stepped into the doorway; and when he greeted the men with a kindly
"Good morning," John particularly noticed his countenance and expression
and wondered why he was so different from the comrades with whom he had
always associated. He noticed, too, that, as the men gathered in the
dining room and took their places around the table, they were quiet and
reserved; and he was puzzled by still another thing - Farmer Z bowed his
head and thanked God for all of His blessings and benefits and goodness
to them all.

Such things were new and strange to John; and when at the close of the
meal, the farmer invited them into another room, saying, "We always have
reading and prayer immediately after breakfast and would be glad to have
you all join with us," John suddenly felt extremely awkward and out of
place, and he longed to make his escape to the barn.

John could have given no reason for his feelings, unless it was that the
farmer's suggestion of prayer made him think about his mother and of the
time when his father had taught him the little prayer, "Now I lay me
down to sleep," and had told him that he very much desired him to be
a little man. But it was not strange that John should feel as he did;
for he had so often associated other scenes with that of learning the
prayer, but had since that time heard very little about the Bible. In
fact, the only part of the Bible that he had ever read was a few verses
in the small New Testament that had belonged to his mother; and he had
read these because he had heard that the reading of certain passages
would stop the toothache and relieve the nosebleed. He experimented one
time when he had the nosebleed, and his nosebleed did stop; but he was
not sure that it would not have stopped as soon had he not read the
verses.

Now, for some reason unknown to himself, John did not want to remain for
worship; so when he noticed one of the other men slipping out of the
back door, he quickly followed. The two were just about to enter the
barn when the farmer, calling to them in words that were gentle but
firm, said, "We always have our help come in with us for worship."
Seeing then that there was no way around going in except to stoutly
refuse, the two returned to the house; and with the others they seated
themselves in the room where it was evident that the family worship was
to be held. This experience was so entirely new to John that he actually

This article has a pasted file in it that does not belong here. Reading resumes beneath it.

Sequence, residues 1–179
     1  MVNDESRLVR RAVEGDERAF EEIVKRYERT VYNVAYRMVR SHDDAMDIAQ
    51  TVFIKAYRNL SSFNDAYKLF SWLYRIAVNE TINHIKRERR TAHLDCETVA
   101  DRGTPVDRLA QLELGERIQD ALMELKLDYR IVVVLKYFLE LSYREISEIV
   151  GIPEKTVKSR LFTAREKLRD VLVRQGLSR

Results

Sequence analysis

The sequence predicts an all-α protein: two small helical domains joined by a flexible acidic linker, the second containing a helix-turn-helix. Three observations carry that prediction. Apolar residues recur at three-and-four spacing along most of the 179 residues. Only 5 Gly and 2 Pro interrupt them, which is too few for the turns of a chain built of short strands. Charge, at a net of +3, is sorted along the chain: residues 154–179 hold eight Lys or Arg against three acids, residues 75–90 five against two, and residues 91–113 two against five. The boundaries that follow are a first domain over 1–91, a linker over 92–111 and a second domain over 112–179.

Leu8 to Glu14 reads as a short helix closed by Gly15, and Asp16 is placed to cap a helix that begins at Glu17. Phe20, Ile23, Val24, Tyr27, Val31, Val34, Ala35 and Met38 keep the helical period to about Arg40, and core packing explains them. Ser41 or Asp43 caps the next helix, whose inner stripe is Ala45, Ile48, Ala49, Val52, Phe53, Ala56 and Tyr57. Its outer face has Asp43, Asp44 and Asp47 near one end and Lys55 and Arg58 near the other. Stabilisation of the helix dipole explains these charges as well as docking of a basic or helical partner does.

suffered. He did not know what to do nor how to act.

He observed that the children, the workmen, and the farmer's wife, were
all seated, so he sat down, too. He also observed that the men had left
their hats outside where they had washed; and this caused him to feel
very strangely, because he had his own in his hand. He dropped it,
however, beside his chair; then he began to watch the children and to
try to do just as they were doing. But as no two of the youngsters were
doing the same thing, he again felt troubled. The older members of the
family, he noticed, sat very still; and suddenly John realized that they
must be listening to the farmer, who had been reading. John knew that he
had not heard one single word that had been read, and here, the farmer
was now saying, "Let us pray."

When they knelt beside their chairs, John was again bewildered; but
having decided to do just as nearly as he possibly could the way the
rest did, he, too, slipped down upon his knees. For some reason that he
could not understand, a burning shame that seemed to benumb his whole
being swept over him, and he could hardly hear the farmer's words; but
he realized suddenly that the farmer was saying, "Dear Lord, bless the
help today, and keep them from accidents and danger."

Hurriedly glancing around, John saw the children peeking from between
their fingers; and hastily covering his own face with his hands, he gave
a quick glance toward Mr. A, his boss. Mr. A was kneeling beside his
chair, but was picking his teeth and looking out of the window. Just
then the farmer said, "Amen," and they all arose.

Then, as John compared his own attitude with that of Mr. A.'s, another
feeling of shame came over him; and for some time he kept asking